Jump to content


  • Content Count

  • Joined

  • Last visited

  • Days Won


About Mark

  • Rank
    Advanced Member
  • Birthday October 17

Personal Information

  • Name
  • Gender
    Gender Queer
  • Pronouns
    They, Mx
  • Location
    United Kingdom
  • Occupation
  • Romanticism
    aromantic: couple, monogamy and romance repulsed.
  • Sexuality

Contact Methods

Recent Profile Visitors

3,666 profile views
  1. Do you know how many people this involves and which question they stopped at? This might itself be useful data.
  2. Part of amantonormativity is to dissuade questioning of the premise that these kind of relationships are (best) for everyone. Hence ideas like "wrong person", "not ready for", etc. There are similar attitudes related to heteronormativity and mononormativity.
  3. I've always been more interested in dating than being "in a relationship". With most other people appearing to be more interested in the latter.
  4. With "family" meaning "extended family", sometimes very extended. Rather than anything like a "nuclear family". It's also a lot about money and property. For high status people this often included politics and treaties too. (In some cases marriages only to end and prevent wars.) IIRC the greedy marriage is a recent thing even within Western societies. Yet the myth of marriage being "community building" persists. There's also the "Bridal Tour" which could involve travelling with or visiting relatives and friends. Which appears to have fallen out of fashion.
  5. It would be interesting to know what these relationships were called at the time, rather than about a century later. It would also be worth knowing what romantic relationships typically looked like before the mid 19th century. These kind of relationships falling out of fashion as amantonormativity came in certainly seems significant.
  6. They are always depicted as Vees rather than triangles. Though I've always found the "pick one" rather than "both" or "neither" seems more of a plot contrivance than anything else. why would anyone want to be a fractional person in the first place?
  7. It's very much a recent thing to define "polyamourous" as being specific to "romantic relationships". The person who coined the term is on record as saying they intended "amorous" to have it's regular meaning of "sexual". With this FAQ, from 1997 not mentioning romance at all. (If it's anywhere it would be as a subset of "emotional".)
  8. This appears to use yet another definition of "alterous". Not sure how well these would apply to people who are demi, quoi or disagree with the definitions given. The definitions appear to be somewhere "asymmetric". Sexual Attraction: The desire to have sex/perform sexual acts with someone. Rather than desire for a sexual relationship. Romantic Attraction: The desire to have a romantic relationship/to do romantic things with someone. What are "romantic things"? Sensual Attraction. The desire to give or receive touch. e.g. cuddling. kissing, holding hands, etc. All of those being romantic coded. Aesthetic Attraction: When you are attracted to someone's appearance. Alterous Attraction: To desire a deep, emotional bond with someone but not in a romantic way. There's also a rather obvious flaw with the second part.
  9. The term dysphoria is actually rather general. Most references are about gender, often also physical rather than social. Personally I don't see that much difference between trying to fit into an amantonormative society or a cisnormative one. In both cases there's the mismatch of "social paradigms". Even though the details differ.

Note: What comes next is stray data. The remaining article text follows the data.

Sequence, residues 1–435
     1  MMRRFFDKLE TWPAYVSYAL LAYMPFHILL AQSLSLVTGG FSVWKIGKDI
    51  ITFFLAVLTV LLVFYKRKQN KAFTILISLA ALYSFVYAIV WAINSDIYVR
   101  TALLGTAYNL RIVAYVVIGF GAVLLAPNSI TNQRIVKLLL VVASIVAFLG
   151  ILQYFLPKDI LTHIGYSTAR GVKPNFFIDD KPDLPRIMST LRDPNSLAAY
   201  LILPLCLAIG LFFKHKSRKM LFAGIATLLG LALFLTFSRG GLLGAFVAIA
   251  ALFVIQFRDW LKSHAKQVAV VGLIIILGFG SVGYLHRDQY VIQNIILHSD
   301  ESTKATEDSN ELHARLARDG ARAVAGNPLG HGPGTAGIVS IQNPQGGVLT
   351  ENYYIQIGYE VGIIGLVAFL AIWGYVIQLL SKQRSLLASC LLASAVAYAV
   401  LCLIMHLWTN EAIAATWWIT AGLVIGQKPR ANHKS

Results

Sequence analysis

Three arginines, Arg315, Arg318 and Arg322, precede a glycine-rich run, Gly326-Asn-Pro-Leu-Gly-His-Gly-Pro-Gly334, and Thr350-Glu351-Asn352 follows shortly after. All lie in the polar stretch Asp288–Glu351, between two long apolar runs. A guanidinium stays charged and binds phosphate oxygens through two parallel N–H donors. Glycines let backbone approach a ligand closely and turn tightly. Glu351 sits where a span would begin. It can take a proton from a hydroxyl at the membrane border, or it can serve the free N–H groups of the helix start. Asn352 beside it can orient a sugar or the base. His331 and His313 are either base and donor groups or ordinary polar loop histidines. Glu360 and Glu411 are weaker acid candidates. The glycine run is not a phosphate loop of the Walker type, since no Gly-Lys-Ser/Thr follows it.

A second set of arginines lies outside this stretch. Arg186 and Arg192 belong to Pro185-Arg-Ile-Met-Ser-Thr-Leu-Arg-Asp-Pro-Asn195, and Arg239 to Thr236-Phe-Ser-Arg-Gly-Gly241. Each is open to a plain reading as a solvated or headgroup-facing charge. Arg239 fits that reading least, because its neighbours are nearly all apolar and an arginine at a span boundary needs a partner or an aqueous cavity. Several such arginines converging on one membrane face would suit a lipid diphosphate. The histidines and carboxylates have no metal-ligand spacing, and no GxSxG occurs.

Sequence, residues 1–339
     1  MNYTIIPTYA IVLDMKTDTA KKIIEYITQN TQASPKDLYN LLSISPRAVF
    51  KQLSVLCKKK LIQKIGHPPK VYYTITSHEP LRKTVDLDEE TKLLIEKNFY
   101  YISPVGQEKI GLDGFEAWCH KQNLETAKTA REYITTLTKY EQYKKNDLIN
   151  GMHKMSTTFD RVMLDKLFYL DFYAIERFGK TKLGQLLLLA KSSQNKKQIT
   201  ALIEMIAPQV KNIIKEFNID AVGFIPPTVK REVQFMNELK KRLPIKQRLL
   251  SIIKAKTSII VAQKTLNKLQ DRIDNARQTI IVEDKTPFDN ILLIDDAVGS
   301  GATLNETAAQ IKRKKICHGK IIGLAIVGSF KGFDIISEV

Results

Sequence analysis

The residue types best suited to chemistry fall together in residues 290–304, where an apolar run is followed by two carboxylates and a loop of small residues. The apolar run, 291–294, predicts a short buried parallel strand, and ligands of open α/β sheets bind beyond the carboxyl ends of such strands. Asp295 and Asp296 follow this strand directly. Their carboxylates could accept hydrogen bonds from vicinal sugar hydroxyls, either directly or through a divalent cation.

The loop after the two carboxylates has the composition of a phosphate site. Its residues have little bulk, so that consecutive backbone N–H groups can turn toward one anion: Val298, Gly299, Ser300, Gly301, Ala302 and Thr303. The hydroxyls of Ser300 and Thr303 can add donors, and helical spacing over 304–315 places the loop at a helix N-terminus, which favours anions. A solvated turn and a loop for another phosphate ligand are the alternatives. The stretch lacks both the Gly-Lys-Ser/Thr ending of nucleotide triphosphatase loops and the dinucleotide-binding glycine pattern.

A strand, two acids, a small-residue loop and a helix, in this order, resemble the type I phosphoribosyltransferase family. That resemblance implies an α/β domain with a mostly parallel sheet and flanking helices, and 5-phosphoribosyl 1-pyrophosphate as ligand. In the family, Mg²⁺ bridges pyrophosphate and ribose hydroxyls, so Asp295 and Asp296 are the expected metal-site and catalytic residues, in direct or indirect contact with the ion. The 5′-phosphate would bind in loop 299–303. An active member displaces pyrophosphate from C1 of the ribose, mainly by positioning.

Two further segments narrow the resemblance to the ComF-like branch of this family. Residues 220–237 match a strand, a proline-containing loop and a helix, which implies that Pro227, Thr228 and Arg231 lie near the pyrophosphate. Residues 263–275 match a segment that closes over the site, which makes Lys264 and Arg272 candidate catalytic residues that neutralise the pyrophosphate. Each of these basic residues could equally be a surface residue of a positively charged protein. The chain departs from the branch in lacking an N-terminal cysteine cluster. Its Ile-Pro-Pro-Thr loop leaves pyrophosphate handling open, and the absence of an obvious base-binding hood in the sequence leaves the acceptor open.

10. This kind of relationship may or may not be "platonic". Depending on if the term is being used to mean "non physical" or "non sexual". With the additional complication being that kissing may or may not be sexual. IMHO how "romantic" it might be depends more on how much the people involved identify as a couple. Which isn't stated. It's not something I would especially want. Maybe without the bed sharing. TBH I'm quite ambivalent about if this is called a "romantic friendship" or "QPR".
  11. I find couple culture quite intimidating and alienating. Whilst also pervasive, even far beyond (romantic) relationships. e.g. the "split into pairs" meme which commonly appears in education and training.
  12. I wonder if this is especially common in English speaking countries where terms like boyfriend and girlfriend are common euphemisms for romantic partner.
  13. I'd have though if there were a need for a term to describe such relationships it would be expressed by allo aces. AFAIK they use "romantic", to describe such relationships. What I think is more lacking is recognition (and terms to describe) non-romantic sexual relationships. The adjective form of "friend" is "friendly". With platonic lacking an obvious noun form. I don't understand how these words have become linked.
  14. The definition "platonic" meaning either "non sexual" or "non physical" is what you typically find in English language dictionaries. The usual way it's associated with friendship is the term "platonic friend". The notion of "platonic" meaning "friendship" appears to have originated within the ace community. Plato never made use of the term. TBH it has about as much to do with him as "romantic" has to do with the Romans It can be used for both "in between A and B" and "neither A nor B" which are somewhat different.
  15. Is this London Group you mean? Which dosn't appear that active and currently unable to offer ace, rather than aspec, events. AUREA lists a group in New Jersey (which may be the New York one). This also does not appear to be especially active either.
  • Create New...